A Whitest Day

"I do" are the two most famous last words,
The beginning of the end;
But to lose your life for another, I've heard,
Is a good place to begin.

'Cause the only way to find your life
Is to lay your own life down,
And I believe it's an easy price
For the life that we have found.

And we're dancing in the minefields;
We're sailing in the storm.
This is harder than we dreamed
But I believe that's what the promise is for.

That's what the promise is for...

It's Midsummer. It's kind of a special point, don't you think? Midsummer. And it has such a beautiful ring to it. Speaking of a ring to it, two years ago yesterday, on Midsummer's Eve, this young lady was married. In our age, marrying at the age of eighteen strikes people as unwise; and, in many cases, sadly, they might be right. But being unfettered by social winds and adhering to a more biblical method than contemporary wisdom, my father and my husband's father raised, not children, but adults. So by the time I was eighteen (my husband had just turned nineteen) we were ready for marriage. We had been gearing toward it for years. This precocious child, at the age of four, had already decided that the blond bean-pole of a gentleboy was for her, so everyone could see this marriage coming from a league off.

After twenty years, though, two years doesn't seem like much: only two years of being actually married, and yet it seems like forever. It hasn't been an easy twenty years, of course. There were pockets of mines and rough patches, and my husband and I had a lot of growing to do, which is perfectly natural. I'm usually one to fixate on the traumatic moments in my life, but in these cases all those delightful moments of shared childhood and shared adolescence come to the fore. We were like Peter Pan and his shadow, one always tagging right behind the other, and always getting into some kind of trouble. It isn't often that one gets to have such a history, and to be still making that kind of history (we don't get into so much trouble now, though our childish streaks are still glaring - silly artsy people, us) and I'm very, very grateful to God for this gift.

You're the first light of the morning, my cool sunrise;
You're my love across the table, a little sleep in your eyes;
You're my strong cup of coffee, you like to laugh right with me.
You're my heart's companion, my one true companion:
Sweet darling, lover of mine.

In It's A Wonderful Life, it is brought home to the viewer how important even a single person is in someone's life. I know I would not be who I am today, nor where I am today - not even a shadow of who or where - if it were not for my husband. He has always been there for me, and he has been patient with me, and helped me grow, indulged and even shared my quirks, been "such a child!" with me, and been serious with me... I look at what God has given me in him and I can't quite believe my eyes. God's gifts are rather splendid like that, aren't they? They are all different, but each one fits perfectly. There will still be minefields, and storms (these drive us to the arms of the Father together, don't they?), and moments of peaceful quiet and ridiculous fun (these refresh the soul, don't they?) - but Lord willing we will have many Midsummer Eves to see yet side by side, and, Lord willing, each Midsummer will find us grown a little more in our Father than the year before.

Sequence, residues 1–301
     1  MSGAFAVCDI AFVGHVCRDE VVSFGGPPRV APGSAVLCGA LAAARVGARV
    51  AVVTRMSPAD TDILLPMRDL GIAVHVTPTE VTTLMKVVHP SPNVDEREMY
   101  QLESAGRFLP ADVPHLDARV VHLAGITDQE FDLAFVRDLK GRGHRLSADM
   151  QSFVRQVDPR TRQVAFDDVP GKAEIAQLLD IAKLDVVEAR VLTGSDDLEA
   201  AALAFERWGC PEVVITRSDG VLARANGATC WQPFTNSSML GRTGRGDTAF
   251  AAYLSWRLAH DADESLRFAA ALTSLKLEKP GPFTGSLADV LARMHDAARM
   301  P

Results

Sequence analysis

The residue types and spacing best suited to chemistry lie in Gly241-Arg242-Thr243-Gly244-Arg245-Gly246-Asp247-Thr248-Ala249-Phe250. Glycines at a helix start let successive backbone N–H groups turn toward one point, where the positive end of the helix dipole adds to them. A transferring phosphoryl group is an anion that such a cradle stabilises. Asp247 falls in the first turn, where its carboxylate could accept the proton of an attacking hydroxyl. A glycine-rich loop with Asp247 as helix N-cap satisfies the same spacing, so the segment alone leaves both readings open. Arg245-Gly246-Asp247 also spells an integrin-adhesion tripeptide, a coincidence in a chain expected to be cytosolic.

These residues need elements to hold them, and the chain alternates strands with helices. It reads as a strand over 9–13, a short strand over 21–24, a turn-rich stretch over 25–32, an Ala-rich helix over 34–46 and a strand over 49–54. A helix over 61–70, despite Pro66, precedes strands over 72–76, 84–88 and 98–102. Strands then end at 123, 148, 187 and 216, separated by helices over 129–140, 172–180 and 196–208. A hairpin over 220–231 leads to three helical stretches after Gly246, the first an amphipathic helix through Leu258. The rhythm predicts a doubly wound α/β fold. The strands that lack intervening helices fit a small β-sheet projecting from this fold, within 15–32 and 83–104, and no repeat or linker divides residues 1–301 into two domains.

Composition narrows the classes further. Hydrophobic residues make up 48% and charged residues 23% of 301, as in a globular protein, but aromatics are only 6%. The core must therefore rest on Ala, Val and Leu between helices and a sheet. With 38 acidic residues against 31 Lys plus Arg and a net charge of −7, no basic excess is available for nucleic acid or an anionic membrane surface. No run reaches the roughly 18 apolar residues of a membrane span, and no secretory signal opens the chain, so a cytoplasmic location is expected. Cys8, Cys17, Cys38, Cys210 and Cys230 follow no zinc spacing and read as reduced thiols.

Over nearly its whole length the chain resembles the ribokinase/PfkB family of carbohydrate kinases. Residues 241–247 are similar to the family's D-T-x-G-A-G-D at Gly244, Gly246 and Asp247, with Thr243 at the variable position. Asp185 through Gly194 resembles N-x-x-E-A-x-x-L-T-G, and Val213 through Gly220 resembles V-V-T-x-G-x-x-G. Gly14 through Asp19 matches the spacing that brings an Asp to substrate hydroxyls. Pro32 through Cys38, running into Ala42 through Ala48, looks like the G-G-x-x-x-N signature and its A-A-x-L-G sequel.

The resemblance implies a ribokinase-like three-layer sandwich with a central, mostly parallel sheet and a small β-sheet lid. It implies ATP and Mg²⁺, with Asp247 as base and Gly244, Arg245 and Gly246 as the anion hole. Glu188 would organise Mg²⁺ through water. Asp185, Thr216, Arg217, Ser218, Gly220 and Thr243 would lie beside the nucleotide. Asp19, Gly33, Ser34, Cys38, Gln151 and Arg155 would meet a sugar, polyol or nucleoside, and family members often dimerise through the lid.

"Dear heart, press on; let not husband, let not anything, cool thy affections after Christ. I hope he will be an occasion to inflame them. That which is best worthy of love in thy husband is that of the image of Christ he bears. Look on that, and love it best, and all the rest for that."

7 ripostes:

  1. How beautiful. :)Happy anniversary!

  2. Oh wow! Did you 'specially pick Midsummer's Eve for your wedding? What a beautiful and heartfelt piece. Is the poetry your own? I'll try not to be jealous that you got to marry your childhood sweetheart, it's one of those fairy tales most girls can only dream of. I guess God has something special for each of us, but *sigh*...you are so lucky :-)

  3. Jenny, that is simply beautiful. Like Ajnos said, you do have such a rare blessing to be with your childhood sweetheart, and even more than that, the love between you two is founded on Christ. What a shining example in our contemporary culture that is so confused about relationships. (And you knew he was the one at age four! I had not even reached the 'boys have cooties' phase at that point in my life...) Anyway, your post was deeply moving. All the best to you both! ^.^

  4. Thank you, Keaghan!

    We didn't pick the twentieth of June because of any of its astronomical qualities. It wasn't until our first anniversary that it dawned on me which day it fell on. How adept I am with a calendar... I fear the poetry was not my own. The first was a piece by Andrew Peterson, the second by Fernando Ortega, and the third excerpt was from a letter penned by Oliver Cromwell to his daughter Bridget. Ah, dear goodness... We joked about how much we were like "an old married couple" by the time we were into our mid teens. We still joke. Two peas in a pod, he and I. Thank you for your best wishes on our day, and for your prayers.

  5. Ahem. By way of post script, we really do look a lot like that "photograph."

  6. Awww, the sweetness and dearness. ^.^ Congratulations on two years of your marriage, Jenny!

  7. Aw, what a sweet, lovely post. :) Happy Anniversary, Jenny! I hope you celebrate many more! <3

    And I love the idea of being married on Midsummer's Eve... it sounds so whimsical and enchanted. Perfect date! :)